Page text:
Growing Beets

Beets are most certainly one of my most favorite vegetables in the world. Specifically, I love roasted beet salads with goat cheese and pumpkin seeds or walnuts. Oh, it is so good! They are very good for you as well. They are dense, meaty, earthy and fantastic. In a world where everything seems to be sweet, beets are the wonderful exceptions that tantalize my taste buds. Not only are they tasty, but they are also packed full of vitamins and minerals not easily available in other vegetables.

In the beginning of January; sow seeds in succession (enough for one week’s harvest plus a little contingency) and repeat weekly. Sow Beet seeds directly in soil that is between 75-85o F at ½” depth into a hot bed in rows with 4” spacing between rows. Beets do better when they are direct seeded but also require a high temperature to germinate. I haven’t attempted it yet, but you may also try soaking and sprouting the beet seeds and then plant directly into the soil if you are experiencing fluctuating hot bed temperatures (a little too hot during the day and a little too cool at night). It will take about 5-7 days to germinate.

Growing Beets [image source: seedtostove-wordpress-com]

Thin the seedlings to 3” apart in rows, 4” between each rows. Grow the Beets in soil with a temperature of 55-65o F. The pH range should be 6.5-7.5. Beets like full sun in the spring, but also like a straw mulch. Provide even waterings with a drip hose to ensure proper growth. Do not allow the soil to dry out. Beets do well with a cool growing season. Cover with a frost cover and a hoop house when temperatures are hovering around the freezing mark and uncover the beets during warm days.

Harvest Beets about 60 days after the seedlings emerge when they are between 1 ½” and 2 ½” in diameter. Do not allow them to grow larger as they become too tough and lack flavor, unless of course they are for livestock. Pull the beets at the base of the leaves. Eat the leaves and the root.

Beet Seeds [image source: staticflickr-com]

Saving Seeds
Beets are a biannual seed producer and need to experience a winter season in order to flower out. Carefully pull at least 12 healthy Beets, cover the Beets with damp sand and store in a bucket in the cellar or basement; they should be cold but not frozen. Remove the tops, about 1” from the root shoulder. Just make sure mice or rats do not gain access. Replant the Beets mid-spring when soil temperature of 55-65o F gently. The replanted Beets will flower, the wind will pollinate and they will fruit. After the flowers have browned, place a paper bag over the flowers and fruit and cut the stalks at the soil line. Move the entire stalks, fruit and flowers to a cool dry place. Pick shriveled fruits by hand or gently flail, winnow and separate.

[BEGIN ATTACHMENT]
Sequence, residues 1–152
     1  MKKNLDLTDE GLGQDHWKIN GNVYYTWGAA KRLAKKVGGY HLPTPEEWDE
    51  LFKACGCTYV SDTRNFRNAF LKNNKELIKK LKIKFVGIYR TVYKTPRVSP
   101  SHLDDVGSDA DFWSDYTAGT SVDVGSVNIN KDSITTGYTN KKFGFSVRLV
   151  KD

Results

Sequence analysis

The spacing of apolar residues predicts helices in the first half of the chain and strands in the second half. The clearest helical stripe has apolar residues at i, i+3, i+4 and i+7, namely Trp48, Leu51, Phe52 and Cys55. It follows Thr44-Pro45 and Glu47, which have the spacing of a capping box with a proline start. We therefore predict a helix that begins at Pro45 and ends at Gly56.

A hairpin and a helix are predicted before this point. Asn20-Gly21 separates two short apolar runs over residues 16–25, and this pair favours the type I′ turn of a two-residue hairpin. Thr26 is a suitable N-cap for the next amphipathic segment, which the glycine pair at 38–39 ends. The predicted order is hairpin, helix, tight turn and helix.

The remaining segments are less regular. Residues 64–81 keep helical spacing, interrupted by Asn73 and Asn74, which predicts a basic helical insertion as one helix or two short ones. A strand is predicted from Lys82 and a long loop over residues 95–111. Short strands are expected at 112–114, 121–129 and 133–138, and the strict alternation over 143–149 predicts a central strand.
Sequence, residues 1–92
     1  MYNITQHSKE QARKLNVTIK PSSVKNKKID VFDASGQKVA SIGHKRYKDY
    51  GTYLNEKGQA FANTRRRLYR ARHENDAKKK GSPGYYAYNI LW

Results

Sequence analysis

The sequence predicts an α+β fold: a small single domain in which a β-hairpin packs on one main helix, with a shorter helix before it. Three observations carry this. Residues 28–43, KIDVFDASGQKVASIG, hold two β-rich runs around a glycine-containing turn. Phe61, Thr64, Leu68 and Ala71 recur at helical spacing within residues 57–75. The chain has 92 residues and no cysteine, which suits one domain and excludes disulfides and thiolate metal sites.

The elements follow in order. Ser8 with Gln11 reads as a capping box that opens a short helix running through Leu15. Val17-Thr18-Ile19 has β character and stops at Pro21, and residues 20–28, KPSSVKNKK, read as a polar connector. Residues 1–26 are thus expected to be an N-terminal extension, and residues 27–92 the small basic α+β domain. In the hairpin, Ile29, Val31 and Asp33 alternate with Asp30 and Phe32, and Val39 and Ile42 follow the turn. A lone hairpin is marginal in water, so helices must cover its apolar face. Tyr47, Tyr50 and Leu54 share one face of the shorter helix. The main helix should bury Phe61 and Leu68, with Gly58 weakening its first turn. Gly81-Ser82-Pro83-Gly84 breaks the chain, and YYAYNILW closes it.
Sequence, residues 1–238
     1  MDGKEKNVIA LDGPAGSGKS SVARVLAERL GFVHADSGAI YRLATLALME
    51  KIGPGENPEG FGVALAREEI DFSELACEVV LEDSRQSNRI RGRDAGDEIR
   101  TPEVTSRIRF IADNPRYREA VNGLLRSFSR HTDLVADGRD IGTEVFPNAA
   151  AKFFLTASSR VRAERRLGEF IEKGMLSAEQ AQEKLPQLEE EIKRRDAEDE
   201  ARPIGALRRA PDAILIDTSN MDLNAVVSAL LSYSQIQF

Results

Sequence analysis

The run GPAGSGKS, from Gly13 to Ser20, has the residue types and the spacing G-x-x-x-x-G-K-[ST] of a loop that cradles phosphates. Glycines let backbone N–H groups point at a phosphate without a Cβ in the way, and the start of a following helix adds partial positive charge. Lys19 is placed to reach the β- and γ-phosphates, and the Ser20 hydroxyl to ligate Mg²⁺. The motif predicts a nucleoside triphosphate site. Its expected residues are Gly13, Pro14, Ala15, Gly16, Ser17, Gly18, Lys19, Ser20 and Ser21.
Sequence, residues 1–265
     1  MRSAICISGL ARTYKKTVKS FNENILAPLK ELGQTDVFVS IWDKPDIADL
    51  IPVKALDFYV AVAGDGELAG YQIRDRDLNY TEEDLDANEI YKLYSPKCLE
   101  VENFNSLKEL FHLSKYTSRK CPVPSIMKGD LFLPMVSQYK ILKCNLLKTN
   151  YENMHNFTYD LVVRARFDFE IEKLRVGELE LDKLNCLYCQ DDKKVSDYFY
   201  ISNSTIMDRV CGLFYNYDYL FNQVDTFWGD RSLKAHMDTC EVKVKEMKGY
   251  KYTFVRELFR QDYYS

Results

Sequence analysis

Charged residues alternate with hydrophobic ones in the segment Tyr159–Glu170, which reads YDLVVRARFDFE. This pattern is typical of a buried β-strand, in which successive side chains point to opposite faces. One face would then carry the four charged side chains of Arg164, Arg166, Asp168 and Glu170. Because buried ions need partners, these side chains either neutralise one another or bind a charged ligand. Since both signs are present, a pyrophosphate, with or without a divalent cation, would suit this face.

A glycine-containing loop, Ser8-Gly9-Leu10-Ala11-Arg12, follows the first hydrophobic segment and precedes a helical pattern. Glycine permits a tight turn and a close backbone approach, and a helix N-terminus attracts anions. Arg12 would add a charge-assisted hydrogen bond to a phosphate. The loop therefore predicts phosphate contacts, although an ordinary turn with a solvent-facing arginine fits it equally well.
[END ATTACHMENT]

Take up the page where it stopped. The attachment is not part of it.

13 thoughts on “Growing Beets

  1. Pingback: Growing Beets | SEO

      1. I might actually try to set that up for NEXT Winter – I just read up a little on it, and it says they only typically last about 2 months. Our winters are considerably longer than that. I’m thinking of building a frame with 3 separate boxes so I can have a fresh box to start in every 2 months without having to necessarily dig up the first one right away – and then just use all the lovely compost for a large garden in the Spring. 🙂 What do you think??

        Liked by 1 person

      2. I think I will do an article on this specific topic… Start your hot bed in late October – mid November. 12 inches of FRESH manure (manure collected within one week – if you use old manure, it will produce very little heat as it has already started to decompose) mixed with a little bedding material ~ such as straw, then cover with 6″-12″ of soil. The manure mix will decompose (thermophilic composting) for 6 months, creating heat which helps your plants survive the cold winter evenings. Water a little to start off with and a lot more at the end of December through February. This way you will have the most heat during the coldest months. If you start your hot bed in November it will last until April. You may also just have a hole ready to go and stagger your hot beds; filling them as needed. Cover your hot bed with a cold frame close to the ground. 😉

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  2. Thank you for this post! I have never had any luck growing beets, I think it gets too hot here, because their leaves always look burned and they never form a big bulb. I will keep trying though, because I love eating them!

    Liked by 1 person

  3. HomesteadDownunder

    I checked the beets in my garden just last night… not ready yet but some definite tuber action going on in that soil! Liking the sound of “with goat cheese and pumpkin seeds or walnuts” will most certainly be giving that one a go!


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